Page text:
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DIGGING DEEPER: Vaccine Fears

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TUCSON (KVOA) - This week, some Tucsonans will begin rolling up their sleeves to get Pfizer's COVID-19 vaccine, but one local doctor says she is worried about how quickly it was created.

"These vaccinations are our road back to a normal life - a safe life, where we are protected and our loved ones are protected," Arizona Governor Doug Ducey said recently at a briefing on COVID-19.

Those vaccinations that began arriving in Arizona and other states this week were created and are now being distributed in less than one year.  

It's all part of Operation Warp Speed - a fact that has one Tucson doctor concerned.

"The testing is also at warp speed, and there is just no way to test for rare or long-term chronic adverse effects without a certain amount of time passing," said Dr. Jane Orient, executive director of the Association of American Physicians and Surgeons.

Dr. Orient was a recent witness at a Senate Homeland Security Committee hearing on COVID-19 treatments, where she focused mainly on the use of hydroxychloroquine.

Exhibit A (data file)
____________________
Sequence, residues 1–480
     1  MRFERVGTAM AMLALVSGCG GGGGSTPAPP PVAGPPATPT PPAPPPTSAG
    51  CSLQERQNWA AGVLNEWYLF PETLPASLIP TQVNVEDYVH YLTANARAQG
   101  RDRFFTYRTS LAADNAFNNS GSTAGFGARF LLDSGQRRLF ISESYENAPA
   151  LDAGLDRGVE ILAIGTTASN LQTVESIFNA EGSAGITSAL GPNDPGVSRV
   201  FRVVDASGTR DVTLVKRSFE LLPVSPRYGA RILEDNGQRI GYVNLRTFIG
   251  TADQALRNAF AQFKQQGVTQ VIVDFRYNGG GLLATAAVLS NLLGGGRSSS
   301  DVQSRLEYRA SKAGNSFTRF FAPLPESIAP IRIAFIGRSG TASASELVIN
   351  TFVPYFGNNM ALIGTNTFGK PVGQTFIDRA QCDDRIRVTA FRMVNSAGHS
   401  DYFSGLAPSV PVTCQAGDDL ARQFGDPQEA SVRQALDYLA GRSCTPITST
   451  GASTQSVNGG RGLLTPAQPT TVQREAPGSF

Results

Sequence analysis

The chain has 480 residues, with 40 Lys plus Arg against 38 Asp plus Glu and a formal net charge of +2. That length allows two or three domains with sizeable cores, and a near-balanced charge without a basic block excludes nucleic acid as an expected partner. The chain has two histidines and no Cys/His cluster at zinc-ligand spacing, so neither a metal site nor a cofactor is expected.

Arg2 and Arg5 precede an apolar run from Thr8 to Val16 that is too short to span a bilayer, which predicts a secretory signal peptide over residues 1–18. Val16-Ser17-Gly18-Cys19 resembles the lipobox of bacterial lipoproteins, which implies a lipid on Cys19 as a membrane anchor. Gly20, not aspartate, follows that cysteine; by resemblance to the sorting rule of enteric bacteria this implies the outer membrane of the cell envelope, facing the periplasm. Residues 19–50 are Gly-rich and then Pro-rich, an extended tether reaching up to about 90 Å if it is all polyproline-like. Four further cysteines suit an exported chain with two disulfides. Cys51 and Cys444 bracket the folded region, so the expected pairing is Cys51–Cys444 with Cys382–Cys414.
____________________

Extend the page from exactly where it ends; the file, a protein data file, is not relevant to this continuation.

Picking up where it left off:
"I'm certainly not anti-vaccination, but I think with any medical treatment, there are adverse effects, and we try not to give medicines of any kind to people who don't need them," Dr. Orient told the Digging Deeper team.

The FDA says Pfizer's COVID-19 vaccine is safe, but Dr. Orient says unanswered questions remain, including any potential side-effects of the vaccine during pregnancy.

"Would it cause pregnant women to lose their babies? Would it cause infertility? We can only speculate based on some theoretical concerns, but we do not have data," Dr. Orient said.

Dr. Orient also says she is opposed to making the COVID-19 vaccine mandatory - something state health officials, along with Governor Ducey say is not going to happen.

"What we want to do is make sure we're communicating the facts to the people of Arizona, and much like masks, we want to see the maximum level of compliance," Gov. Ducey said.

Meanwhile, Pima County health officials are getting ready to immunize the two groups at highest risk, including healthcare workers and residents of long-term care.

Paul Birmingham

Paul Birmingham is an Investigative Producer for KVOA News 4 Tucson. He is a three time Edward R. Murrow award winner, native Tucsonan, and a proud Arizona Wildcat.

Alexis Berdine

Alexis Berdine is an Investigative Multi-Media Journalist at KVOA.

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